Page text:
Professional caveman John Durant makes a pretty convincing argument for eating like hunter-gathers. “Anybody with a lot of inflammation, rheumatoid arthritis, allergies, they would do very well on the paleo diet. Anybody overweight, I mean, name your medical problem–I feel like a snake oil salesman.” Cure-all or not, it doesn’t hurt that Durant himself is outgoing, energetic and fit, a kind of walking advertisement for his lifestyle. He is the author of the blog Hunter-Gatherer.com, and is writing a book with the working title Live Wild: A Survival Guide to the Modern World.
The basic idea behind the paleolithic diet, also known as the caveman diet, is that humans are best adapted to eat and live like hunter-gatherers before the time of the agricultural revolution. “If you look at these hunter-gatherer cultures, in reports that date back to the 19th century and early 20th century, they’re actually remarkably healthy,” says Durant. Followers of the paleo lifestyle argue that the agricultural revolution led to a marked decline in health, in part due to less diverse sources of nutrients. “Our diet became very narrow, very quickly. We went from eating a wide variety of animal foods and plant foods driven by seasonal eating, to a very narrow set of foods.”
By modern standards, some might find the paleo diet limited to a narrow set of foods as well. Those following the paleo diet eschew sugars, grain, processed foods, legumes, and most fruits. However, this leaves a diversity of vegetables, tubers, meats and seafood. There are no recommended serving sizes and no calorie counting. Instead, followers are advised to pay attention to their body’s signals of hunger and thirst.
Durant has been eating this way for about four and a half years. After taking his first desk job out of college, he began to have trouble staying awake and his weight crept up. “I was falling asleep during the day, my energy level would spike and crash,” he says. “Not just my energy level but my mood.” He began looking for a healthy way to improve his energy level, when he read an essay by Art De Vany, one of the founders of the paleo movement. “I started implementing it and I got very good results.”
Among these good results, Durant lists an improvement in his complexion, dropping about 25 pounds over the course of about two months and an improvement in his mood. “My energy evened out and got higher, that took about a week.”
Going paleo involves more than just changing how you eat, it involves embracing a “wilder” lifestyle. For a man who lives and works in New York City, this means getting plenty of sleep, regular exercise and some sun exposure. Durant recommends doing a variety of physical activities to “use lots of different muscles and vary things.” He does CrossFit training in addition to going to the gym, and also enjoys barefoot running in Central Park.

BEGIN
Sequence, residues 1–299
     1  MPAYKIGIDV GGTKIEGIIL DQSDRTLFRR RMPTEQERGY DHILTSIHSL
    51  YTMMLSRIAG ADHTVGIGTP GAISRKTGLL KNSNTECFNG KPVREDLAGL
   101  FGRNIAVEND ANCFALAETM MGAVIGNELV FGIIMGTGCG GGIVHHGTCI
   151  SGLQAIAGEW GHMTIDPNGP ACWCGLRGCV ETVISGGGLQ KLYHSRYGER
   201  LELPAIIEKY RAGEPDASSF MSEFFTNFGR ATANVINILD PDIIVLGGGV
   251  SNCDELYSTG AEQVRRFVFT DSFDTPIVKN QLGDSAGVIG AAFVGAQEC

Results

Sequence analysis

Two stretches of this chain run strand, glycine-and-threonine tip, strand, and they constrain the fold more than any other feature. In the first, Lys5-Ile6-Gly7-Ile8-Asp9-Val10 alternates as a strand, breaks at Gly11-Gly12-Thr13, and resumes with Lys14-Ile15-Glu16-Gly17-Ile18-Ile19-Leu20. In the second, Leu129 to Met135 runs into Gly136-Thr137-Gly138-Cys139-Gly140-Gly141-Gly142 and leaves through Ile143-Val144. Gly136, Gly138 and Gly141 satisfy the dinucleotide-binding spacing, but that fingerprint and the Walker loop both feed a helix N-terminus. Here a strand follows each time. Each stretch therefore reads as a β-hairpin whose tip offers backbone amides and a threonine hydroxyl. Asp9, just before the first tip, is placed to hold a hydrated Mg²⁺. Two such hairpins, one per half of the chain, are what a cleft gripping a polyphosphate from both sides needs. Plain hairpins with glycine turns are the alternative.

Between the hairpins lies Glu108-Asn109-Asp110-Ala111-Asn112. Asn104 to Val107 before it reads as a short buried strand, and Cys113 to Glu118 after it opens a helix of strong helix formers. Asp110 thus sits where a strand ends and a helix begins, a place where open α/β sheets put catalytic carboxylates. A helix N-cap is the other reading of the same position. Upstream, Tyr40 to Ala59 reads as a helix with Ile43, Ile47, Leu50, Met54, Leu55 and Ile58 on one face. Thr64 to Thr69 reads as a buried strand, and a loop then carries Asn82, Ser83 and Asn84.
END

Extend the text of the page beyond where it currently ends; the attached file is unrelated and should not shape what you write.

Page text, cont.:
After giving me a recommendation for upgrading my barefoot running sandals, Durant explained why he likes the real deal more than huaraches or Vibrams Five Fingers. “It requires you to be in the moment a little more. A lot of runners really run to zone out,” he says. “That’s enjoyable too if you want to zone out and not think about anything. If you’re barefoot running you’re much more likely to zone in, and focus. Very few or I would venture to say no barefoot runners run with headphones on.” For anyone new to barefoot running, Durant recommends that you take it slowly, run less than a mile at a time, and pay attention to foot pain. “You actually get good feedback from your body. If you land on your heels, it will hurt, it won’t feel good. That pain is a signal to say, ‘don’t do it that way.’ ”
While working on his blog and book, Durant uses a counter as a stand-up desk, which can be also be fashioned from stacked tables. Like barefoot running, it may take some time to adjust to standing for several hours at a time. The diet, however, shouldn’t be done gradually. Durant says that it’s easy to find caveman food at the local grocery store, just as long as you stick to meats and whole veggies. “I don’t venture into the inner isles, that’s the pit of death.”